We thought that we would not have to be concerned with our other children, but since then my 14 yo was diagnosed with Type 1 diabetes (she is not his biological daughter) Now I fear that at least 1 of them might have it.

I guess the thing is, do the best that you can. Don’t let anything stop you from doing what you want. Don’t let Diabetes take over your life, take control over it! Do what you can NOW to keep those bad things from happening (the stories). People ALWAYS tell you the worst stories. Your life does not have to end up the way the gentleman who had is foot removed. You Control it.
Good Luck. I am sorry for the book and possibly getting off point.

Hi Megan,

Yea, that post brought back some memories…

I was dx’d at age 7 and a lot of times the adults around would not pay attention to the fact that I was pretty much soaking up everything the were saying about the bad things that were gonna happen to me. That’s a lotta crap for a child to deal with (any child, not just me). It always seemed so certain that all these bad things would happen, even if I did take care of myself.

Reminds me of rule #1 : Keep unsolicited medical advise and stories to yourself

It is no wonder that I suffer from clinical depression, and have for as long as I can remember, Medications seem to be really helping lately tho, so I am doing better. I think any child that suffers from some type of life-threatening or chronic disease is at risk for depression (did I just violate rule #1?). And they are finally saying that depression can effect control (really? wow) and there is a link between the two. Which comes first? Is it a physiological link or a mental issue caused by the stress?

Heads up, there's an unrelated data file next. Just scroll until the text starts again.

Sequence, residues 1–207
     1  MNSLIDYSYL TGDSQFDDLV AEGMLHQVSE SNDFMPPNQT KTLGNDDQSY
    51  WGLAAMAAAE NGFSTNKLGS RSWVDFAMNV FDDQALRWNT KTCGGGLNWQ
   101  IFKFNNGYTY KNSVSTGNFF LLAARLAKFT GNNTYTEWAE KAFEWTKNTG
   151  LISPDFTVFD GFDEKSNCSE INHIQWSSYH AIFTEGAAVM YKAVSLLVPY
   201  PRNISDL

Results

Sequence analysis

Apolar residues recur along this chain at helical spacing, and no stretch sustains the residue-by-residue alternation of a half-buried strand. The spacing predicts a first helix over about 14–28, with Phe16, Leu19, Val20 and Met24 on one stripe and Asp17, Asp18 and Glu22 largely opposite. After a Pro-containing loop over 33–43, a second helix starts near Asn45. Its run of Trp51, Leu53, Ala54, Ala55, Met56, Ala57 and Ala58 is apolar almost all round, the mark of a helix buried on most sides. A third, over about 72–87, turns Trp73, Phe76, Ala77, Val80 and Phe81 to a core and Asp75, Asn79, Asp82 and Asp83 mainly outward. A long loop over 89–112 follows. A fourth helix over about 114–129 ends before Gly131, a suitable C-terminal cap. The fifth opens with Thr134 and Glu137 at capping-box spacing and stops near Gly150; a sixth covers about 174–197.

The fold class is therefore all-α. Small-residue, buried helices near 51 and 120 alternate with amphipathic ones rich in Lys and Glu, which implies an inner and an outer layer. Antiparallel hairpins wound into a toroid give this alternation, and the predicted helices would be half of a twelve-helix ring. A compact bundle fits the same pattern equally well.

Anyway, I believe that most of these people honestly want to help, but the stories they are telling may not be timed right with the stage of acceptance of disease you are currently at. Heck, I’ve been diabetic since 1970 and there are still days/weeks/months where I am just annoyed by it and honestly really don’t want to hear anything from anyone about what happened to their second cousin, twice-removed on their papa’s side in 1947 after being diagnosed. Seriously, we have enough things to worry about on our own, we don’t need to have folks gift us more…

I’ve been really fortunate, no major side effects yet (seems my bank account takes the worst beating), a little neuropathy starting and my retinopathy is actually getting better, so I am grateful for that. But like everyone else, the constant day-to-day management of a project that will never end can get frustrating as hell sometimes…

OUCH!!! fell off my soapbox

Sounds like you’ve got a good head on your shoulders; you’ll do fine with it. My take on the “D” is this: I made some changes in my life and I keep on living, I can do the same things that I used to do and enjoy them just as much! It’s not cancer, and its not AIDS, it’s just the “D” word and that is all. Take care of yourself because you are a responsible person that cares about you.